Emergic: Rajesh Jain's Blog

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Customer-driven IT

December 29th, 2002 · No Comments

Says David Moschella in an interview in Business Week:

If you look at the history of the [technology] business, innovations — from microprocessors to word-processing software — have always come from the supplier side, the computer companies making these products. But all the applications that have the potential to drive widespread societal use are much more customer issues than supplier ones, such as making online services that work and having people pay their bills or vote online.

The things that really drive the market are simple applications that 100% or 90% of the people might use — advertising, music, bill paying, health care, voting, and shopping. It’s very unlikely that it will be something that doesn’t have a significant base of activity already. The trick is to get from [the technology] touching 30% of people’s lives to touching 90%, like television, radio, and telephones all have done.

People often look for really exotic applications like artificial intelligence or robotics. It’s almost never these things. It’s very simple things that almost everyone can take advantage of that matter — word processing, Web browsers, or databases. Getting very high levels of acceptance is the key.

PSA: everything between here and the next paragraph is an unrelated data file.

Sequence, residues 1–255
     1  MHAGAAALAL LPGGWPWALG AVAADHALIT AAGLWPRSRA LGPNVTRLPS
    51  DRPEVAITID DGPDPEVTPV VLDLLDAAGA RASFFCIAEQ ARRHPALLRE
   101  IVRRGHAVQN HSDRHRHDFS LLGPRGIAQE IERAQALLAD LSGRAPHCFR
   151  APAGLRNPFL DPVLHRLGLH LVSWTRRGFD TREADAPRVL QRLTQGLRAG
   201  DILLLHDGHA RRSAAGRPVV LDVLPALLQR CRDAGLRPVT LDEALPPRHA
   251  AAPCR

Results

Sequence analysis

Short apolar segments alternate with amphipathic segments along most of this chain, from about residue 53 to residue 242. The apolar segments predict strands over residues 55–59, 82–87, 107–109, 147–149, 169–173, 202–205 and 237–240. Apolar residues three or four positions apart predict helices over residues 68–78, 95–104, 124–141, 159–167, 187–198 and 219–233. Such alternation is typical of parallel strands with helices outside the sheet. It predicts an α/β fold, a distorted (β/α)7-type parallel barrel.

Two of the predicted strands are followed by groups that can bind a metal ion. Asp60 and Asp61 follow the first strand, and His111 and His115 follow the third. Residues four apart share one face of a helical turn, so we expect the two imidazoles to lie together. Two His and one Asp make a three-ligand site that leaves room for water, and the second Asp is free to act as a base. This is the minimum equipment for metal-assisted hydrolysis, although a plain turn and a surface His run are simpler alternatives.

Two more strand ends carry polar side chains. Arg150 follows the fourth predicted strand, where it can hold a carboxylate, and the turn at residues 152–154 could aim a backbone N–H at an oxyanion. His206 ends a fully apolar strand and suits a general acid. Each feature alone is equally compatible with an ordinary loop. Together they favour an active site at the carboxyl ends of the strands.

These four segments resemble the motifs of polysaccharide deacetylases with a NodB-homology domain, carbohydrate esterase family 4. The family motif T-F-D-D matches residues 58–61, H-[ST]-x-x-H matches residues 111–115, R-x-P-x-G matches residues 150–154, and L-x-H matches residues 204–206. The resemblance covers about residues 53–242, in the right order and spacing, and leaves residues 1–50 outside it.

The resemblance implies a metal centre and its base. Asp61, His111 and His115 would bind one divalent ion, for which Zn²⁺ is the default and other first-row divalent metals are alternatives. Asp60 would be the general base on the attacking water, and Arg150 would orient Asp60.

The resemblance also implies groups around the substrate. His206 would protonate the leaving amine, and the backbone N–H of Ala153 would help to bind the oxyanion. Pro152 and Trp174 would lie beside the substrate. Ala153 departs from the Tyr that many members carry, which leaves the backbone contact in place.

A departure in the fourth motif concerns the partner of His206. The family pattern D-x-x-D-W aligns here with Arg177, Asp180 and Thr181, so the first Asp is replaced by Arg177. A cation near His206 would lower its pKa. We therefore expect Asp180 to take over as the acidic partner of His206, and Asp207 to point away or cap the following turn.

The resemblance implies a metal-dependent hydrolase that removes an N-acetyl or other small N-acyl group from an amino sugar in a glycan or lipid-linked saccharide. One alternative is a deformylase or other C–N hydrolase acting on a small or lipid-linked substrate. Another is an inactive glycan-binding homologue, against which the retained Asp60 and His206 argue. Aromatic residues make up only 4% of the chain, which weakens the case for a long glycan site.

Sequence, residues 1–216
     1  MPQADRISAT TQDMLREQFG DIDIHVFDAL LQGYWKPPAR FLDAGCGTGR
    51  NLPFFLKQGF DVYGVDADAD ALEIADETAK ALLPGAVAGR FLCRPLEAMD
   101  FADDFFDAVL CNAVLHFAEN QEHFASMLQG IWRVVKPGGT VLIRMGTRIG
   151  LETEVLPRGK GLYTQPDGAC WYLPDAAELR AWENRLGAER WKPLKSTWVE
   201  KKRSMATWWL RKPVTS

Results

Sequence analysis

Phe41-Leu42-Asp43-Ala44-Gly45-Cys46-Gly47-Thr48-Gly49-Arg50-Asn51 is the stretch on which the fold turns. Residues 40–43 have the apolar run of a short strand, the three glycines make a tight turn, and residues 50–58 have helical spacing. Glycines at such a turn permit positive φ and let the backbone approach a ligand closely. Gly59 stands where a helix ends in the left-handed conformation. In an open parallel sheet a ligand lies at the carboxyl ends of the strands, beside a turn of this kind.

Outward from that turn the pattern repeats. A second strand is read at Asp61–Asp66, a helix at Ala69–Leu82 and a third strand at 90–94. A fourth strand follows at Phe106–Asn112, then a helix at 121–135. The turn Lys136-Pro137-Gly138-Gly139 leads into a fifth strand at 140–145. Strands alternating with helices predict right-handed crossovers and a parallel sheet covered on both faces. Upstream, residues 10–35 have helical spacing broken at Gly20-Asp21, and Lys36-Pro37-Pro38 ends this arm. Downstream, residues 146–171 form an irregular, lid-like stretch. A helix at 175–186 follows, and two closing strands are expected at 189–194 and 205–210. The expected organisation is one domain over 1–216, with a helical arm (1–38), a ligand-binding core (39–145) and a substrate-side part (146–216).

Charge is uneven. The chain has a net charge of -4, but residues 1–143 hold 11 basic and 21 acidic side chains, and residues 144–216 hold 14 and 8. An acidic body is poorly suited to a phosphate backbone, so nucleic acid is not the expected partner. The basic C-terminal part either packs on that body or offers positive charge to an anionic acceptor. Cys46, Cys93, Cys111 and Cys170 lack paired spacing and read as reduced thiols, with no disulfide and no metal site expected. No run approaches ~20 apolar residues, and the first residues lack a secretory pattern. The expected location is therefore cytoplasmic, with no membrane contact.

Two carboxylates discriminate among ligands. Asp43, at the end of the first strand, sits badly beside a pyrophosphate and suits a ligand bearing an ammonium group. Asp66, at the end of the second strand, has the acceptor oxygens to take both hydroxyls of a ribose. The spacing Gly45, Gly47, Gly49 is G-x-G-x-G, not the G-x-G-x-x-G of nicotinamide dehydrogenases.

Elaborates Moschella on his website: “More broadly, only customers can establish many of the standards and procedures needed for the next generation of interoperable e-commerce systems, be they based upon Web Services, shared industry terminology, or advanced semantically-enabled applications. Indeed, over time, customers will steadily take control of many new standards processes. For these and other reasons, they have become the most important source of new IT-based value creation.”

This is what we need to keep in mind for our Emergic. How can we make people more productive with computers? For example, instead of just saying that there is a word processor (Open Office Write), we should provide templates for documents that people need to create. Given that our target is the next set of users, they are going to be less savvy about usage. We need to simplify their interaction with the computer. Our projects like the Digital Dashboard are a step in that direction.

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